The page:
Corey Tassone is the assistant manager of The Mulberry Tree in Stockton Heath -Credit:Dan Haygarth / Liverpool ECHO

He adds: "I just want change. I've always voted Labour in general elections anyway - I vote Green in the locals and I would like Green to have more power.

"But when it comes to general elections, it's always Labour. I want to get rid of the Conservatives.

"If that happens, I think things should improve for Warrington. I think people need more hope around here and I think that's another reason why it's going to be Labour.

"Partly we're fed up with the Conservatives, but there's a feeling that Labour can actually improve things. For example, more needs to be done to support local councils.

"As a business, we've had a lot of back and forth with Warrington Council when we've needed help. Roads need to be cleared because they get flooded during rain and it affects us getting deliveries.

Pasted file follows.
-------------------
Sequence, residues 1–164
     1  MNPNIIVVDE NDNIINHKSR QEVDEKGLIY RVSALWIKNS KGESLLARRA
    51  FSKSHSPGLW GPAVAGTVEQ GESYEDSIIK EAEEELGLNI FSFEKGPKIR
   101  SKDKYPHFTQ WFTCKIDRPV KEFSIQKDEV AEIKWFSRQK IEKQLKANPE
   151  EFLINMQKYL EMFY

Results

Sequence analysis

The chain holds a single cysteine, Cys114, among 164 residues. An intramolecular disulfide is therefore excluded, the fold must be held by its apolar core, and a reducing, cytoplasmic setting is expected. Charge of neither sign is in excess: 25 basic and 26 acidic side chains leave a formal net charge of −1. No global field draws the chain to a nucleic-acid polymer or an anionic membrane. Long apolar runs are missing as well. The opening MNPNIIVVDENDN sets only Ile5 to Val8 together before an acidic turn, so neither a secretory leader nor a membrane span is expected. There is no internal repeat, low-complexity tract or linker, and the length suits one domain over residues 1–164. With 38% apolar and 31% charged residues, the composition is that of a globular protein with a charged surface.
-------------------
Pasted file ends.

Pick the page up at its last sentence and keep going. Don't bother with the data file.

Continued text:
"If we're getting beer deliveries, they can't get down the drop here because it's so wet. We have a constant back and forth with the council, councils just have no money. Potholes take ages to get fixed, councils get absolutely no funding from the government."

Across the road from The Mulberry Tree, Bex Loxham, 27, is finishing her shift at Brew Coffee. She is less convinced than Corey that a Labour government will improve Warrington's fortunes.

"I hope the election can improve things - fingers crossed," explains Bex.

"I vote for Labour and I will vote Labour again - I think Labour will win the constituency more than I have (ever) thought they would before.

"A lot of people seem to be fed up nationally and this constituency tends to keep in line with the country's mood."